Words by Rebecca Dewar // Photography by Beth Beeson
I know from experience that right now high schools are flooding their final year students with advice for the future, university applications, options and motivational speakers. The fact of the matter is that most of these ‘prepare ahead’ inspired activities end up daunting students and sending them home to writhe in their sleep, worried about what they will do in the future.
I must confess, I never worried too much about my future plans. I knew what I wanted to be, and the path I wanted to take. Let me tell you, this did not make things any easy. The stress about applying for that path was still there!
This is why I wanted to offer some advice to the many young people who may be in this position now.
First of all, deciding what you want to do when you leave school, applying for tertiary education, getting a job or chasing your dream career are all separate things. It is not wise to bundle all of these things into one. This makes the stress and anxiety quadruple. Separate these different things out.
Begin with the easiest. What you want to do is for most young people the hardest thing in the world to figure out. Do not start here. I find this is what daunts people. They assume that it is not until they figure out what they want to do for the rest of their lives that only then can they apply, chase that dream or get an appropriate job.
The easiest thing for me on this list is applying for further education. Whether you are 3 years from finishing high school, or 3 months away, know exactly what qualifications, letters, documents and approvals you need to apply for university or college. Then begin by focusing on these. For me, this was something called ‘University Entrance’, and was qualified by obtaining minor academic credentials. Your country may have something similar. If you need help obtaining these, work with your teachers and your parents, they can help you. Remember, you do not need to know what you want to do for the rest of your life to obtain these, you just need to focus, and have an attentive attitude.
The next thing on the list is to get a job. My first job involved cutting up fruit and vegetables at the supermarket. Although it was leaps and bounds away from law or fashion styling, the experience, paychecks and references put me in good stead for my next job.
Ultimately, deciding what you want to do for the rest of your life comes somewhere down the scale. I suppose this article so far has not stopped that worry. Here is the advice I can offer.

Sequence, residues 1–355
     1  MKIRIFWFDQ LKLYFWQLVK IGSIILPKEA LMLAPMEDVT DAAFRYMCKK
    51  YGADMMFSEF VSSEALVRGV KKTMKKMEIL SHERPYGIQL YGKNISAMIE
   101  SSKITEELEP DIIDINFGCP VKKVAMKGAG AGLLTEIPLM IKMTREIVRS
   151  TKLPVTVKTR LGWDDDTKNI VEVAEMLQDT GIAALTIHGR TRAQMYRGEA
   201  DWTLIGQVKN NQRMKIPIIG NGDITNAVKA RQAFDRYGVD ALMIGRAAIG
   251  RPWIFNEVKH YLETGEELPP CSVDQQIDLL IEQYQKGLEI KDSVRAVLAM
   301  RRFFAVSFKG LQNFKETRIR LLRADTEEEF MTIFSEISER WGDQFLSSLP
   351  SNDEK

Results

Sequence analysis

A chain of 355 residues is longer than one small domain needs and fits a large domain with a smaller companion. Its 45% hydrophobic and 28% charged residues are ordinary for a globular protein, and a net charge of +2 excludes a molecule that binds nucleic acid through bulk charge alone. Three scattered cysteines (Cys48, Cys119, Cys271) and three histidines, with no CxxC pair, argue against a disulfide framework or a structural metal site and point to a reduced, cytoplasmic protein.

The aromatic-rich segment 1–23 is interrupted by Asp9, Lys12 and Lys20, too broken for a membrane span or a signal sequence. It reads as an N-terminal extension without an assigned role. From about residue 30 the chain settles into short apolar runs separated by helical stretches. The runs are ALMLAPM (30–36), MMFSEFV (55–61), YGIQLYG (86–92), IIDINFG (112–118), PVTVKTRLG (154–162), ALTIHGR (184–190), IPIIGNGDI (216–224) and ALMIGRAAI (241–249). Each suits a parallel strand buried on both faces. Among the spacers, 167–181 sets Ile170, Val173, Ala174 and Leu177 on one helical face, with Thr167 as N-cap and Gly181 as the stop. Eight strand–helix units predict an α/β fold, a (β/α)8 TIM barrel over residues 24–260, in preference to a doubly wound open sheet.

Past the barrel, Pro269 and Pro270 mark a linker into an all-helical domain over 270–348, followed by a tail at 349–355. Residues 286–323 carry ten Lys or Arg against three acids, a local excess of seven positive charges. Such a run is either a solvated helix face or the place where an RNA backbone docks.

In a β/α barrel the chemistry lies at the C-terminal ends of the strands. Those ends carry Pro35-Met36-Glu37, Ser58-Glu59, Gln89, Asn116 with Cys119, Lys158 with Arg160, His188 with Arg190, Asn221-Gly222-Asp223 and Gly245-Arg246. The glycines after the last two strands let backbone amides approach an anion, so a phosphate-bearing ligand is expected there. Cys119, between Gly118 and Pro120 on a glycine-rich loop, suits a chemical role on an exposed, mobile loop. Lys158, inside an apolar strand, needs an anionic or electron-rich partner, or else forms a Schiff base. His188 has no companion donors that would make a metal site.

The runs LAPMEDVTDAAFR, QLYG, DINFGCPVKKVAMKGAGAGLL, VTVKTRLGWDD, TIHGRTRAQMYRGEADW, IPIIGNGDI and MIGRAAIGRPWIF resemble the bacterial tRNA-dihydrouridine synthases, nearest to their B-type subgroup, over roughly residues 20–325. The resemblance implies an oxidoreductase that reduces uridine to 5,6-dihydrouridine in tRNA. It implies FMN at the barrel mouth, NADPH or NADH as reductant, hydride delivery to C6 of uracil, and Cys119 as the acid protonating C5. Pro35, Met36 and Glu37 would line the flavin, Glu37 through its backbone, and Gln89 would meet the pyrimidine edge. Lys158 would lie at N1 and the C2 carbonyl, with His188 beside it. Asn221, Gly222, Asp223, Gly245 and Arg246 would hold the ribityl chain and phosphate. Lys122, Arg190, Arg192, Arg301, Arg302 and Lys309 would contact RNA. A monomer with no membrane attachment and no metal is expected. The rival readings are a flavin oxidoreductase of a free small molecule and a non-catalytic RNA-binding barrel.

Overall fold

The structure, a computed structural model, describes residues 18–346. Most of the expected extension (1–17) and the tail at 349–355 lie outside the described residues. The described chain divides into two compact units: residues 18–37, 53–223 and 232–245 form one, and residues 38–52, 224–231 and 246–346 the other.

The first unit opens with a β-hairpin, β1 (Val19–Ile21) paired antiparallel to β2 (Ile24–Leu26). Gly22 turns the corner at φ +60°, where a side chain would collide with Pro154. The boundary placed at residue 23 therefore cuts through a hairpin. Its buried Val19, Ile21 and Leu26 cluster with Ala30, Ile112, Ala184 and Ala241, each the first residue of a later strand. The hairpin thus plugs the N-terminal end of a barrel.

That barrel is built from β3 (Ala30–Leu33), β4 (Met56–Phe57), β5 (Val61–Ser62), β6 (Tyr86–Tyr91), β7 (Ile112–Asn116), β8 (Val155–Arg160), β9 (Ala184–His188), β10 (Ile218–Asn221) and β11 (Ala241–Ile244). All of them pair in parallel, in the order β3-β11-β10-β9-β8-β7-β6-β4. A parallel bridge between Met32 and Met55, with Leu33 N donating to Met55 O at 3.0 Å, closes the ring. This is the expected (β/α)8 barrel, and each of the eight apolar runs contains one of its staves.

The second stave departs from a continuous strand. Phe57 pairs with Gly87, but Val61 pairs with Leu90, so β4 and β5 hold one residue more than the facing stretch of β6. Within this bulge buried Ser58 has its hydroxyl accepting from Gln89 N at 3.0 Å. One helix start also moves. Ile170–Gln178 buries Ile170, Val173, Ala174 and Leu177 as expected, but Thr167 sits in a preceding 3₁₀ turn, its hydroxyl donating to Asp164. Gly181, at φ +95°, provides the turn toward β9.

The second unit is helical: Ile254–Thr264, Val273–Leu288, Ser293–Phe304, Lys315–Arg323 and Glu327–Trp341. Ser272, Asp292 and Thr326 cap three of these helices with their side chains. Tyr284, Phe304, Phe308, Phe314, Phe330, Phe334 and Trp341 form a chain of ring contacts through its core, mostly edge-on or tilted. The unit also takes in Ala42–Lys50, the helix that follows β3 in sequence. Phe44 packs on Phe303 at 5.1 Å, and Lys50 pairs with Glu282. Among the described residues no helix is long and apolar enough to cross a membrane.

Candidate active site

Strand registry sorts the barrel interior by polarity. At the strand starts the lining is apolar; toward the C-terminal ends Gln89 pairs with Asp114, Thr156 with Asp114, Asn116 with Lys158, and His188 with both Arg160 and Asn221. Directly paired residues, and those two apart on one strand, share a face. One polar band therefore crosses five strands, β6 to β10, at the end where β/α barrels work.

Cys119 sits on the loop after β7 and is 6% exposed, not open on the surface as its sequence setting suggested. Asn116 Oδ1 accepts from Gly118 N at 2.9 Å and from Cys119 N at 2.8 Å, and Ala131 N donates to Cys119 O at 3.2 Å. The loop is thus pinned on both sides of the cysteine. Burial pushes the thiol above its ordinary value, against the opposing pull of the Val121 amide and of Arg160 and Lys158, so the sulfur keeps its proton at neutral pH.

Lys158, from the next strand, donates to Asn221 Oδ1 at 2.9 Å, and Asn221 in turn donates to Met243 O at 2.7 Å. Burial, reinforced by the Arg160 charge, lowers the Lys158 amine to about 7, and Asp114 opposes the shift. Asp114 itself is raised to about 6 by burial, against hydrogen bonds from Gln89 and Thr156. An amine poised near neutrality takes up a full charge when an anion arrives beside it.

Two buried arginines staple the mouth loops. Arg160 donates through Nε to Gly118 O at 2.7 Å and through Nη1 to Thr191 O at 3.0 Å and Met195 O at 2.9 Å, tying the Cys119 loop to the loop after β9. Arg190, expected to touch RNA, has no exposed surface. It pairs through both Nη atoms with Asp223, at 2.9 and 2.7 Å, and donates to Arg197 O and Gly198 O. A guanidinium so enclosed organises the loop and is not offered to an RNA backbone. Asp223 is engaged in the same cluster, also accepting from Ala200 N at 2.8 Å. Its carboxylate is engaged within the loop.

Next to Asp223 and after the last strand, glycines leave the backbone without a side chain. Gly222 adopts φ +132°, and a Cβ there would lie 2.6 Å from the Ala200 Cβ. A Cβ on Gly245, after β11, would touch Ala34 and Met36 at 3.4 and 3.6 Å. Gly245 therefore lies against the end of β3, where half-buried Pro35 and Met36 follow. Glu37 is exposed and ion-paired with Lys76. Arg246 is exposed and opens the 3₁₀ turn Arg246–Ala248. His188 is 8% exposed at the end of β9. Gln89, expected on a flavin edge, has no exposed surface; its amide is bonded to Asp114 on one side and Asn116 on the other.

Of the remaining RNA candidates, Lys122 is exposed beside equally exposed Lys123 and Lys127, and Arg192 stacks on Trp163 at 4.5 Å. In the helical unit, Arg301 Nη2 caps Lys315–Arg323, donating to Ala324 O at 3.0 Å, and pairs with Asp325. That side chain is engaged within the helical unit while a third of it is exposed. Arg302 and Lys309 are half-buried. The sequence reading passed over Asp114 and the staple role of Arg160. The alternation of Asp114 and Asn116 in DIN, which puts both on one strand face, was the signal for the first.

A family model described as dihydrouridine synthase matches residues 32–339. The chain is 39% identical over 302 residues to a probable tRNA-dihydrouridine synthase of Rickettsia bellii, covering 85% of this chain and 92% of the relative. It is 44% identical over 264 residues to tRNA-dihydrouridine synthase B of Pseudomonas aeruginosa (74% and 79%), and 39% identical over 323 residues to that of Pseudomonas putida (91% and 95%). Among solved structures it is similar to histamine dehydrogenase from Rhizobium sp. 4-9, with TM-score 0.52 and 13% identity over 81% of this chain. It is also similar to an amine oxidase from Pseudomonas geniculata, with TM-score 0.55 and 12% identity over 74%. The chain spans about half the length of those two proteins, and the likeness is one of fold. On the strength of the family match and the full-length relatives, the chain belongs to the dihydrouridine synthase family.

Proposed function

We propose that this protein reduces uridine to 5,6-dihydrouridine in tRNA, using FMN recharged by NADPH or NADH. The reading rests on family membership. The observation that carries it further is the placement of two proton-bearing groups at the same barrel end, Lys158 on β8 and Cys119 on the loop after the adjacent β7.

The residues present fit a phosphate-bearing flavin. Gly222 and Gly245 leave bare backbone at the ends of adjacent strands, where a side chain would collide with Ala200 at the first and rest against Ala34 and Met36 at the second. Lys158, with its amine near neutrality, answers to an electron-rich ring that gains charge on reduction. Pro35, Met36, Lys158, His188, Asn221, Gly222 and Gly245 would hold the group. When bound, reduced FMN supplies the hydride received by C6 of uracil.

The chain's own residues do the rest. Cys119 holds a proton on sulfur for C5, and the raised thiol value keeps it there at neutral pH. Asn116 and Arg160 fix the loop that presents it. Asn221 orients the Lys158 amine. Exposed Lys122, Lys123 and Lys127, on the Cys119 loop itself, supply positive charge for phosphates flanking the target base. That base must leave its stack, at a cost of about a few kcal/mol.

When you are 20 years of age, even if you were so set in your mind that you wanted to become a zookeeper, newsreader or jokey, your ideas may change. So do not stress if you do not know what you want to be, you may not figure this out until you are 40 years old. That is the most beautiful thing about growing up.
So when you leave high school what do you do?
Applying for university for the sake of it is absolutely pointless. From being at university, the students who really shine are those who can tell you without even hesitating where that particular course is going to take them.
Too often, I think, university is portrayed to young people as the only successful, only logical and only respectful next step. This is entirely untrue. The amounts of options available are incredibly extensive.
For example a gap year is a popular choice. Once you have opened your mind to new experience half a world away, your self-knowledge will be so much greater. When you return home, you can sit down and think about what you enjoyed about travel, what you saw that you liked, and what you could not stand. Perhaps it was jumping from country to country that you loved? Then maybe you could pursue adventure tourism, air host or travel company work? Perhaps it was working with new people? Then maybe a teacher, team leader, sales assistant or trades person might be for you?
Work experience is another viable alternative. If you branch into full-time work you may spark a love in some part of that job. I have had a friend with who I worked in retail with who absolutely loved counting the money in the till at the end of the day, she then went on to study economics. I personally love unpacking the new stock; this made me realize I would love to be a stock buyer for a retail company, something I will add to my long list of career aspirations.
Some less common post-high-school experiences include, a student exchange (look into what countries have a year of high school longer than yours, perhaps you could go to school again in a completely foreign place) or volunteer work (over school? Perhaps you could join an organization and volunteer to travel, if you are accepted, you may even qualify for funding!). The only rule is not to do nothing.
Some further words of advice; do not let money influence your decision, do not force yourself to think of things you love, it will come naturally, and finally: RELAX! You are now on summer break, you never have to put your hand up in class, eat your lunch where you are told, wear school shoes, attend parent teacher interviews or worry about that report card ever again! The first day of the rest of your life should never be spent worrying about the future. It should be spent eating popsicles in the sun with your best friends and working on that summer tan.
A few days down the track you will realize, ‘that’ is what I want to do.